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Seven Principles of HACCP

Posted by Aaron Spencer on

HACCP, or the Hazard Analysis Critical Control Point system, is a process-control system that identifies where hazards might occur in the food production process and puts into place actions to prevent the hazards from occurring. By strictly monitoring and controlling each step of the process, there is less chance for hazards to occur. By following the principles of HACCP, you can prioritize and control major foodborne hazards like chemical residues, such as from pesticides and antibiotics, and microbiological contaminants, such as Salmonella and E.coli.

HACCP was first used in the 1960s by the Pillsbury Company to produce the safest and highest quality food possible for astronauts in the space program. The National Academy of Sciences, National Advisory Committee for Mcirobiological Criteria for Foods, and the Codex Alimentarius have endorsed HACCP as the best process control system available today.

There are seven principles, developed by the National Advisory Committee on Microbiological Criteria for Foods, that serve as the foundation for a HACCP system. They are:

1. Conduct a hazard analysis to identify potential hazards that could occur in the food production process. The application of this principle involves listing the steps in the process and identifying where significant hazards are likely to occur.

2. Identify the critical control points, those points in the process where the potential hazards could occur and can be prevented and/or controlled. A critical control point may control more than one food safety hazard.

3. Establish critical limits for preventive measures associated with each CCP. A critical limit is the maximum and/or minimum value to which a biological, chemical, or physical parameter must be controlled at a CCP to prevent, eliminate, or reduce to an acceptable level the occurrence of a food safety hazard. The critical limit is usually a measure such as time, temperature, water activity, pH, weight, or some other measure that is based on scientific literature and/or regulatory standards.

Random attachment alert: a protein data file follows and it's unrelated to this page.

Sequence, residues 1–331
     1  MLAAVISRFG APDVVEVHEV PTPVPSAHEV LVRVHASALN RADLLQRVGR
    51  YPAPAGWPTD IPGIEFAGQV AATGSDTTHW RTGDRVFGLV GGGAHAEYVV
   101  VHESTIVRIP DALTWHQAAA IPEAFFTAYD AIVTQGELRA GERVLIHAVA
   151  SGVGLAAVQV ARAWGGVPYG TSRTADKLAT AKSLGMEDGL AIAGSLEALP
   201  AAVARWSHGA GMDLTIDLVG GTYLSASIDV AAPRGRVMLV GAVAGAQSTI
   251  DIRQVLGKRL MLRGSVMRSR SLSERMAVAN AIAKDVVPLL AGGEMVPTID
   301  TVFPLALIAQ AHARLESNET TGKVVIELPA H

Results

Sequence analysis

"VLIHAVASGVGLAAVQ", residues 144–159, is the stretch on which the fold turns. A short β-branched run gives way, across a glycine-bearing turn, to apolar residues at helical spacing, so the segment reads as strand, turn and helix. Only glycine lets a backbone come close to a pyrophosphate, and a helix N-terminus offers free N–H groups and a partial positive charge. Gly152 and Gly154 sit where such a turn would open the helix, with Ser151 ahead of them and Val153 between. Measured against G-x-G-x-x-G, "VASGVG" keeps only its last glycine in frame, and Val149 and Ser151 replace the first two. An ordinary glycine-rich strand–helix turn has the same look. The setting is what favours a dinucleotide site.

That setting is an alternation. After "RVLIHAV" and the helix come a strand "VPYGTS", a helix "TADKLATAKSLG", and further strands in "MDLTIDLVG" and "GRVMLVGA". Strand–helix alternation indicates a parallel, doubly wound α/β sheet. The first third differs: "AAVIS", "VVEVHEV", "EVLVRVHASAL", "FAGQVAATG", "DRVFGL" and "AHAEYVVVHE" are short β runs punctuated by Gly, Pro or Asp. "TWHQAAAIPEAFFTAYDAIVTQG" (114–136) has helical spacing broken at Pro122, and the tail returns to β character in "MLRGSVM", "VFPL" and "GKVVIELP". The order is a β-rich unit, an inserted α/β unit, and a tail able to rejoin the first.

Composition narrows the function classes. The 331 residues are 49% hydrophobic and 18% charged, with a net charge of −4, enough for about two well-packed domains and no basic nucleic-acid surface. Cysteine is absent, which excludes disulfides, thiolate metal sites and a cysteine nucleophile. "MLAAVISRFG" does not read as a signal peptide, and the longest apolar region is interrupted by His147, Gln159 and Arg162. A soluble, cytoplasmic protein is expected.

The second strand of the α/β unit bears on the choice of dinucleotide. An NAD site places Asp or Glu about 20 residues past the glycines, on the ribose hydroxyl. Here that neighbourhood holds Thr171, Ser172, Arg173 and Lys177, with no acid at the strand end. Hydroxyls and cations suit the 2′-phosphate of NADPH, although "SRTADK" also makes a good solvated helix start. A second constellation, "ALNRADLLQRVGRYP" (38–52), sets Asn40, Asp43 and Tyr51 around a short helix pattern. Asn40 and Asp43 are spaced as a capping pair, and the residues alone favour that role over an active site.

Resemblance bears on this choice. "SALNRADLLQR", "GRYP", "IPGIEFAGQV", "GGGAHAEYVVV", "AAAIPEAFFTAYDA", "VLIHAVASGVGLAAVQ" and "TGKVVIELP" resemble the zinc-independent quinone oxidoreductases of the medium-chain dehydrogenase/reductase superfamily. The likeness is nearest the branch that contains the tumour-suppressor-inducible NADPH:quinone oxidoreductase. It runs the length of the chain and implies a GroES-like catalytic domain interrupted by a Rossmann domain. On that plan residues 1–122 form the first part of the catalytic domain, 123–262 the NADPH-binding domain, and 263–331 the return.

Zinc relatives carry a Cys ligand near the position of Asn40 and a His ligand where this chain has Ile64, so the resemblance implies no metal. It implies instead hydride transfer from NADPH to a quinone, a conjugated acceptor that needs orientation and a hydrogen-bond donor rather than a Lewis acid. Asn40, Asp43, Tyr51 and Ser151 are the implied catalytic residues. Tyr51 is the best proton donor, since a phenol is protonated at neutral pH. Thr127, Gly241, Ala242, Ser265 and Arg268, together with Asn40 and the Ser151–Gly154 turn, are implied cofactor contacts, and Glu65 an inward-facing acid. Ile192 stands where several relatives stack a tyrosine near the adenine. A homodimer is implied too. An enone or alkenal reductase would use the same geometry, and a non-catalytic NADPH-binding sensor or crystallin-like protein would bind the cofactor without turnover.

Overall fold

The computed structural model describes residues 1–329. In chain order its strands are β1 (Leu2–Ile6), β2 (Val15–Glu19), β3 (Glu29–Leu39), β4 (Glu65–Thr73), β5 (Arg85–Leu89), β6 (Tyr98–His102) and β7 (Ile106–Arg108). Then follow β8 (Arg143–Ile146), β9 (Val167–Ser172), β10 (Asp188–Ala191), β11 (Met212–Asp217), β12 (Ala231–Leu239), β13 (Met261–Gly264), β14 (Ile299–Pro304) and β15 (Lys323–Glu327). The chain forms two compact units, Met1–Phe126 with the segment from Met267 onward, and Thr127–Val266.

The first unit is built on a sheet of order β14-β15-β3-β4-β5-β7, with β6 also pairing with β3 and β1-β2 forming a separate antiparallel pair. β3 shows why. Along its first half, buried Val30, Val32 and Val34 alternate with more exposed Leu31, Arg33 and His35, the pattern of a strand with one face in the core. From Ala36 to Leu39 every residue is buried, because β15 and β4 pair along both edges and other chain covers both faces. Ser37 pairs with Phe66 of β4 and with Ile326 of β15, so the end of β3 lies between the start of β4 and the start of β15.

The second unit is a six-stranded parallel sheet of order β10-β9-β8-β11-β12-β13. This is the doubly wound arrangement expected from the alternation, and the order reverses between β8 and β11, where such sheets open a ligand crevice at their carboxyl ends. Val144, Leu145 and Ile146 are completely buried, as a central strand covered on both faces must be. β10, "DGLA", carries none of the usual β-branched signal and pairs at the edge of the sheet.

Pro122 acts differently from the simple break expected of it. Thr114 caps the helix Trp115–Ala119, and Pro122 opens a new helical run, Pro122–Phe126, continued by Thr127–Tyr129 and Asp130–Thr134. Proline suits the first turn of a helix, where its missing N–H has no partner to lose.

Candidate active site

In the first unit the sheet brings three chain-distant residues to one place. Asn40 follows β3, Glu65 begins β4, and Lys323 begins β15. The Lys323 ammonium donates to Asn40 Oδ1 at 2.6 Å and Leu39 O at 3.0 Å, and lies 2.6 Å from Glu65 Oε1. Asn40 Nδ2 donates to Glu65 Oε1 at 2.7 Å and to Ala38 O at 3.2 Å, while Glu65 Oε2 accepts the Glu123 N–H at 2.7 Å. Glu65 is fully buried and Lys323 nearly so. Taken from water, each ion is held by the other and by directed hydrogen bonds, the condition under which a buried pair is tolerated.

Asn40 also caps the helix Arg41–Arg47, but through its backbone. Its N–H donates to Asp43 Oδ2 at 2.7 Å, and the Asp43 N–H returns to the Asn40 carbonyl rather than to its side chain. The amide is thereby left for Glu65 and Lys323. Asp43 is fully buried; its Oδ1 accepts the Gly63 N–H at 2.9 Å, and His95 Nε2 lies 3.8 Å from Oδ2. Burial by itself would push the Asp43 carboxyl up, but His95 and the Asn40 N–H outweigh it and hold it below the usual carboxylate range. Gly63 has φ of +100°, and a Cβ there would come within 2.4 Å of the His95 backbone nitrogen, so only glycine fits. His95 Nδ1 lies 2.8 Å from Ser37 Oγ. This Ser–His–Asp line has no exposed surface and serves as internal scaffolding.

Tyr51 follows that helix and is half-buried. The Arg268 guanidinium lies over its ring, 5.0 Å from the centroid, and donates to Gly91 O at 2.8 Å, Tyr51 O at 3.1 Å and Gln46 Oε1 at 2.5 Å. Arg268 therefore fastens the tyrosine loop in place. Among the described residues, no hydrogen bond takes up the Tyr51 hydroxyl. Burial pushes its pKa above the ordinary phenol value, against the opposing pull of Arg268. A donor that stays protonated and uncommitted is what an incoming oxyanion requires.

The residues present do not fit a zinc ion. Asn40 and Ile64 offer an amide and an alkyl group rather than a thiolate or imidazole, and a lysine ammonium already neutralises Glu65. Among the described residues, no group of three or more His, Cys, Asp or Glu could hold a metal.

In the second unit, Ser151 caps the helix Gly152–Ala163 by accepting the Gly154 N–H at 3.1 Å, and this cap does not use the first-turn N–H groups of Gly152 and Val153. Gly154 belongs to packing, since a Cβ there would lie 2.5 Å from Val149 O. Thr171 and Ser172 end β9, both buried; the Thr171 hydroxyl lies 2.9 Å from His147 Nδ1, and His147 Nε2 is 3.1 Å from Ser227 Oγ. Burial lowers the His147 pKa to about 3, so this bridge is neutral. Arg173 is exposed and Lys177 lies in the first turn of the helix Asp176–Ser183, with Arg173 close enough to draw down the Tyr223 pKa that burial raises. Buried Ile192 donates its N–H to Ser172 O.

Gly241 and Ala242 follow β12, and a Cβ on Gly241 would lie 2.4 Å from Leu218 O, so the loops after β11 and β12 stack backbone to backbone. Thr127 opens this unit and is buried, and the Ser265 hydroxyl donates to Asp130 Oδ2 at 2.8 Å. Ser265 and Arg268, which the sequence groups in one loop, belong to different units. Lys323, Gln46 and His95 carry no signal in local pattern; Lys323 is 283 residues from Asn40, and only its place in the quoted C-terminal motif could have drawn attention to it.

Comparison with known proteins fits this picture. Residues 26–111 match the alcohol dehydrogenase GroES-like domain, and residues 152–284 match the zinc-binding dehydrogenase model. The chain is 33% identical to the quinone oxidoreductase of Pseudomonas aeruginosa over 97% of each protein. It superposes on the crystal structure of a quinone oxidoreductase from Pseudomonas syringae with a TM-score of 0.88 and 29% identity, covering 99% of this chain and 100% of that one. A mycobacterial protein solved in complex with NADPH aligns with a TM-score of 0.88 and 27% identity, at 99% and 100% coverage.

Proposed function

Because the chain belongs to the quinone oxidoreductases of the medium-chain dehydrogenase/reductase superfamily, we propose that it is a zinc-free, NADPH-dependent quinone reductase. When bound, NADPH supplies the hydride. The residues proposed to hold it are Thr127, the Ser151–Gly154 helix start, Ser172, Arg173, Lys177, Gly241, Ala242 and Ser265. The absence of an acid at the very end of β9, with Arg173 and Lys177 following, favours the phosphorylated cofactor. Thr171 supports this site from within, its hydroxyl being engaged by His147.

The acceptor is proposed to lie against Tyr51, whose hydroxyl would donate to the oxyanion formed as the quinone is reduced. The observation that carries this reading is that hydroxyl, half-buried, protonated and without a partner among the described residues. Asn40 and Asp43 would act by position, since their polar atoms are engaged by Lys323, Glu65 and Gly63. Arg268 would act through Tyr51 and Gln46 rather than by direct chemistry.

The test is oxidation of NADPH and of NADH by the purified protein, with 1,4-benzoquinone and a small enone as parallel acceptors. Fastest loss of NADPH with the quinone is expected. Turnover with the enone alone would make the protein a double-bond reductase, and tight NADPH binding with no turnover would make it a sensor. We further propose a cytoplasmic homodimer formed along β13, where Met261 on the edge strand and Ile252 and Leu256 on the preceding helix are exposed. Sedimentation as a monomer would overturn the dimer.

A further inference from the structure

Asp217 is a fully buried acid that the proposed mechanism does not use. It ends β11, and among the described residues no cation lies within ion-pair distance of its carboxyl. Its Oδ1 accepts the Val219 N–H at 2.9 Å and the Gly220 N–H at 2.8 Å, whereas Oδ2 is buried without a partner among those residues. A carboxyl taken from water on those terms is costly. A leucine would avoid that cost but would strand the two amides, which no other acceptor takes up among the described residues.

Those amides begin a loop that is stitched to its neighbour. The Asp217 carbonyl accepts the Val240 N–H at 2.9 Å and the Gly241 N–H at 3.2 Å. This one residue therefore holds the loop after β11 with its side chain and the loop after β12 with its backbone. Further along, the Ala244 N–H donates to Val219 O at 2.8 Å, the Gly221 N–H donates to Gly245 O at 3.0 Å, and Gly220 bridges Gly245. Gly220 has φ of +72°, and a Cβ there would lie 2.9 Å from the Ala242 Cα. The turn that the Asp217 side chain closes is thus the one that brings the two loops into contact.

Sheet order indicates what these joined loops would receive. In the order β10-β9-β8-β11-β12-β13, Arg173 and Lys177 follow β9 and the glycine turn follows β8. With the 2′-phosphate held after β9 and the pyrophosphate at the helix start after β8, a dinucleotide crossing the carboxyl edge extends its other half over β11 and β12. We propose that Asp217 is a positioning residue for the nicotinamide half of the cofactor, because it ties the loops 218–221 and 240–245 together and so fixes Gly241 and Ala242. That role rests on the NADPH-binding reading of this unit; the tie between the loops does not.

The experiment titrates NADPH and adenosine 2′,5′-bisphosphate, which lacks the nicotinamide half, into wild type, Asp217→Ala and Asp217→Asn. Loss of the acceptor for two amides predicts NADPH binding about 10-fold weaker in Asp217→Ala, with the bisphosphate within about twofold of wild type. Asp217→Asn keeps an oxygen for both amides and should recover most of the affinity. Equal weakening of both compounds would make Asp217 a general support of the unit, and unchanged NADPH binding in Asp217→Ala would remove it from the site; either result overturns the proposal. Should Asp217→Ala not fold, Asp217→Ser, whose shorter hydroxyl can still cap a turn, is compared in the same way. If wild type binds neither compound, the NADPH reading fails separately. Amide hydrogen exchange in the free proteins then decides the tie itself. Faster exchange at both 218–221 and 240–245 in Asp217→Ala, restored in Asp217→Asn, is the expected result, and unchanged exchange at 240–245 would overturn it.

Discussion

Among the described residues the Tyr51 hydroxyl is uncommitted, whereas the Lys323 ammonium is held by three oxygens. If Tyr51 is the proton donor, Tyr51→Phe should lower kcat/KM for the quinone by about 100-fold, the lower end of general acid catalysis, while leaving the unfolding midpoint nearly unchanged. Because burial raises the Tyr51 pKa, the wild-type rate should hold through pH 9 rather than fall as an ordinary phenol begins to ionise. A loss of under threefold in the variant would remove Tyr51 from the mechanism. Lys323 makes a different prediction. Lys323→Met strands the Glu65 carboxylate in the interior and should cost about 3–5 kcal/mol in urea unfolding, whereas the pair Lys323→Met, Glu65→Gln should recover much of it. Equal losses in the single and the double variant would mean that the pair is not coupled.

4. Establish CCP monitoring requirements to ensure each CCP stays within its limit. Monitoring may require materials or devices to measure or otherwise evaluate the process at CCPs. Monitoring procedures should describe how the measurement will be taken, when the measurement is taken, who is responsible for the measurement and how frequently the measurement is taken during production.

5. Establish corrective actions if monitoring determines a CCP is not within the established limits. In case a problem occurs, corrective actions must be in place to ensure no public health hazard occurs.

6. Verification. Confirm that your HACCP Plan works and that crucial control points are appropriately monitored and corrective actions are adequate.

7. Recordkeeping. Document procedures detailing how food is handled and prepared safely.

By following HACCP, you are on your way to serving safer food, but remember that HACCP does not stand alone. Your plan must also include other food safety programs so that you can avoid major food risks at your facility.

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